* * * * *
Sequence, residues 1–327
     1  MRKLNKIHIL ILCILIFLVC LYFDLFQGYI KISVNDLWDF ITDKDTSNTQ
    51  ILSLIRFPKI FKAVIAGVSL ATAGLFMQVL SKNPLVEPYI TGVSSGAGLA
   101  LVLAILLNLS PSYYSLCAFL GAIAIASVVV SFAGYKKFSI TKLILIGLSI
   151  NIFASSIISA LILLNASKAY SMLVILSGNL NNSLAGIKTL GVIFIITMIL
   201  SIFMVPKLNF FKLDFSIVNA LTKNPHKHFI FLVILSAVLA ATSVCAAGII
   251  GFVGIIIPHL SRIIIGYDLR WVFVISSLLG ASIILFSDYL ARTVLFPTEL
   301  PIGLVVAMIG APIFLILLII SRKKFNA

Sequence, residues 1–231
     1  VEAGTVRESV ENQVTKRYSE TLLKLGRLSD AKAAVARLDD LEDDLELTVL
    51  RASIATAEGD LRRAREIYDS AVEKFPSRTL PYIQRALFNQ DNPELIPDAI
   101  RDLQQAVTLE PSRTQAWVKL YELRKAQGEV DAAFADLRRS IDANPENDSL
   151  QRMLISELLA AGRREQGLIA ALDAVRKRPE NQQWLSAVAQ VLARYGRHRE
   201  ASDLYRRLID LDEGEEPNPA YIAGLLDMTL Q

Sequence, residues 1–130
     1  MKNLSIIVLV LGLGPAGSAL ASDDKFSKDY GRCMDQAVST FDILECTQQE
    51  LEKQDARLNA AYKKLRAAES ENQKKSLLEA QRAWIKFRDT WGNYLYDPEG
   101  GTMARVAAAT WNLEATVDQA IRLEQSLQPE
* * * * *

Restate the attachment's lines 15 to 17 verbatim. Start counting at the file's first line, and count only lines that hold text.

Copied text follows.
Sequence, residues 1–130
     1  MKNLSIIVLV LGLGPAGSAL ASDDKFSKDY GRCMDQAVST FDILECTQQE
    51  LEKQDARLNA AYKKLRAAES ENQKKSLLEA QRAWIKFRDT WGNYLYDPEG